Wallbank J held that there was no satisfactory evidence of foreign law. Applying Rule 25 of Dicey6, he held that BVI law should apply to the claim. Wallbank J was also of the view that there was no evidence showing which country the claims had their closest and most real connection to.

  1. The Eastern Caribbean Court of Appeal (the "ECCA")

2.1. Concerning the issue of forum

Whilst acknowledging Wallbank J's approach in not making findings on foreign law without crossexamination, which was in line with VTB Capital, the ECCA reversed the decision and stayed the proceedings on the basis that Russia was the more appropriate forum.

2.2. Concerning the issue of governing law

The ECCA considered that Eurochem was under a positive obligation to plead and prove any applicable foreign law and that Wallbank J should have found that Russian law governed the dispute. The ECCA was of the view that Wallbank J was wrong in relation to his inability to identify the place of the commission of the torts. In determining the governing law, the ECCA applied the exception to the common law 'double actionability rule',7 i.e. the law which applies is the law which has the most significant relationship with the occurrence of the torts and the parties. Accordingly, the ECCA concluded that the most significant relationship was with Russian law because (i) the source of the disputes was the employment relationship between Eurochem and the Russian Defendants, and (ii) the Contracts contained choice of law clauses which expressly provided that the mutual relations arising from contract not regulated by the contract itself would be governed by Russian law.

  1. The Privy Council

3.1. Concerning the issue of forum

The Board reversed the ruling of the ECCA and found that Wallbank J had not erred in rejecting the Stay Application. Furthermore, the Board held that Wallbank J, in treating the Stay Application and the Set Aside Application separately, had assumed, rather than made a finding or conclusion, in favour of the Foreign Defendants, which he was entitled to do. That is, Wallbank J made no error in concluding that Russia was not an alternative available forum.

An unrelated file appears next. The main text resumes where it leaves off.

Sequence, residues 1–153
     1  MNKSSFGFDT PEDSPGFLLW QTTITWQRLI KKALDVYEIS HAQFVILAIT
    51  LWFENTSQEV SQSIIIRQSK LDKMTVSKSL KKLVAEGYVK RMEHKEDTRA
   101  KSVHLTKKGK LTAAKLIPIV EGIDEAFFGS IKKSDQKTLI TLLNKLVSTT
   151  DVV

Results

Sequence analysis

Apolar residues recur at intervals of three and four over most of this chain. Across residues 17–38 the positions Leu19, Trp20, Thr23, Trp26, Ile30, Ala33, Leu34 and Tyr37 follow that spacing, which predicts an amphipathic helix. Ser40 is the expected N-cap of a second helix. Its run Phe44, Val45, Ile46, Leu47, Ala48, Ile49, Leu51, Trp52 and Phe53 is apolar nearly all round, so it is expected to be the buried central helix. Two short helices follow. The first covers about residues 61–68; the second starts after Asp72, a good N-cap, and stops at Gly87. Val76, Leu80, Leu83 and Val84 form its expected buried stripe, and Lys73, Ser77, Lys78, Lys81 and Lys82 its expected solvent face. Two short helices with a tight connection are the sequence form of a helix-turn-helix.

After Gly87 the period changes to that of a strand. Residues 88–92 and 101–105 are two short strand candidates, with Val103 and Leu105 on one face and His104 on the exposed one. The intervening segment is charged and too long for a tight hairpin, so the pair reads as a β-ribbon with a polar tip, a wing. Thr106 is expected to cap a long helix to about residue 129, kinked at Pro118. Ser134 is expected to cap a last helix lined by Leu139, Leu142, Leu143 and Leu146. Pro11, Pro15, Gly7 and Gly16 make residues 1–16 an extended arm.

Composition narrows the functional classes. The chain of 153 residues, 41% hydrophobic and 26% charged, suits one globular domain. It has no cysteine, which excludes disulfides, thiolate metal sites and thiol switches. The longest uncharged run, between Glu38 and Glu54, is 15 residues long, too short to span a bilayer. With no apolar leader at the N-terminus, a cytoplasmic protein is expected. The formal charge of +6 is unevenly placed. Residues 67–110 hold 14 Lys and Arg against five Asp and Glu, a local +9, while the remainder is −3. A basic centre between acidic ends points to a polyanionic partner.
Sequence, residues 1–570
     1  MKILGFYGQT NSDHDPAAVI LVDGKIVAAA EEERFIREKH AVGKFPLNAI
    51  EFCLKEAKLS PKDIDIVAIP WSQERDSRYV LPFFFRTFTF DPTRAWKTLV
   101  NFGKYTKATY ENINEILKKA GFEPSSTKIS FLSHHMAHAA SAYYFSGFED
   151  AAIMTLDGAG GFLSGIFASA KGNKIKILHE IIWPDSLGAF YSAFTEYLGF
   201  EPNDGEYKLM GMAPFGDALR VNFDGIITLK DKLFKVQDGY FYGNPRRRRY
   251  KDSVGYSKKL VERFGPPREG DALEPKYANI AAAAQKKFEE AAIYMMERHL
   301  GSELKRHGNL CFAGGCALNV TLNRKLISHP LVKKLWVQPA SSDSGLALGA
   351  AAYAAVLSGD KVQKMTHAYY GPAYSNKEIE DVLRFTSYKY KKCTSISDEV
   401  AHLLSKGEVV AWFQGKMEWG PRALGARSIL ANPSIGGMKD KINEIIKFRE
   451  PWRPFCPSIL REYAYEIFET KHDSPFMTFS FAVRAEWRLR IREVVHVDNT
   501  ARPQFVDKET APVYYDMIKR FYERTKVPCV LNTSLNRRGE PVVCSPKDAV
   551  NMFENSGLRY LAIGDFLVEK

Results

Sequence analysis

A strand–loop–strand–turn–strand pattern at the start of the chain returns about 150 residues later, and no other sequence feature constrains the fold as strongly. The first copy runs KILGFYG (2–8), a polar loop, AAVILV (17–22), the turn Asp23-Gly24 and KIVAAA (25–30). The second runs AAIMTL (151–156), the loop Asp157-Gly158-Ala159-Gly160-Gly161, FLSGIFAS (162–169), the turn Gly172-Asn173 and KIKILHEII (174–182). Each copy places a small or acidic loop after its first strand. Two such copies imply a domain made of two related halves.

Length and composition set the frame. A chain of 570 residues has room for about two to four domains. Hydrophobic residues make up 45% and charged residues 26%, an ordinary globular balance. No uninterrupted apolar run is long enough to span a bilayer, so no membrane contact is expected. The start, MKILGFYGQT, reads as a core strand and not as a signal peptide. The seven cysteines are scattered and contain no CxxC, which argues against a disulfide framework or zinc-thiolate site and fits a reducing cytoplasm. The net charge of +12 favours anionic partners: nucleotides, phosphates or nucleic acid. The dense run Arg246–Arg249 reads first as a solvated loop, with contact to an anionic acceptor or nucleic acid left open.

3.2. Concerning the issue of governing law

The Board concurred with the ECCA that Wallbank J had erred in relying on Rule 25(2) of Dicey but noted that no harm was occasioned by this. It shared Wallbank J's view that the governing law was not ascertainable in relation to the numerous claims. The Board refuted the applicability of the exception to the 'double actionability rule' and found that there was no factual material available to conclude which law had the most real and closest connection with the torts. In addition, the existence of the choice of law clauses in the Contracts could not mandate Russian law as the governing law with regards to the other defendants, who were not parties to the Contracts.

  1. Other remarks made by the Board

Upon resolving the issues of forum and governing law, the Board did not consider it necessary to examine other issues such as limitation periods in Russia, the language and availability of witnesses, and the extent of remedies available in different jurisdictions. However, the Board's comments relating to place of incorporation are worth noting; the place of incorporation should not be accorded too much weight, as Wallbank J had done in respect of the BVI Defendants. Whilst place of incorporation is a connecting factor, it is not a strong one because, as in this case, there was no evidence that the BVI Defendants had conducted any activities in the BVI. In addition, Wallbank J should not have attached any importance to Eurochem choosing the BVI as a jurisdiction within which to commence proceedings.

The implications of the Board's decision

The Board allowed the appeal and overturned the decision of ECCA and Wallbank J's orders granting service out and the refusal of the stay were restored. It is an important decision in the context of litigants choosing forum for cross-border disputes. First, in the absence of cross-examination on conflicting expert evidence (and actual evidence pointing towards which law bears the closest and most real connection to the torts committed), courts are entitled to decline to rule on foreign law. Defendants who therefore challenge the jurisdiction of the BVI courts in such circumstances risk failing to establish that there is an alternative forum which is not only available for trying the dispute, but is also clearly and distinctly a more appropriate forum than the BVI. Second, notwithstanding the presence of choice of law clauses in contracts which form the origin of disputes, it is not conclusive that the governing law ought to be identical to that stipulated in the choice of law clauses. Finally, litigants should be aware that just because an entity is registered in the BVI does not mean that the BVI will be the appropriate forum. Whilst some weight will b e given to this, it should not be substantial.


1 [2020] UKPC 3.

2 The rules relating to the service of claim forms out of the jurisdiction are contained in Rule 7.3 of the Eastern Caribbean Supreme Court Civil Procedure Rules (the C PR).

3 [1987] AC 460.

4 [2013] 2 AC 337.

5 [2012] 1 WLR 1804, PC.

6 Rule 25 of Dicey, Morris & Collins on The Conflict of Laws, 15th ed. provides that (1) foreign law must be pleaded and proved as a fact to the satisfaction of the judge by expert evidence in any case to which foreign law applies, and (2) English law will apply in the absence of satisfactory evidence of foreign law.

7 A tort committed outside the jurisdiction is not actionable within it unless it is actionable under both the law of the forum and the law where the tort was committed.

The content of this article is intended to provide a general guide to the subject matter. Specialist advice should be sought about your specific circumstances.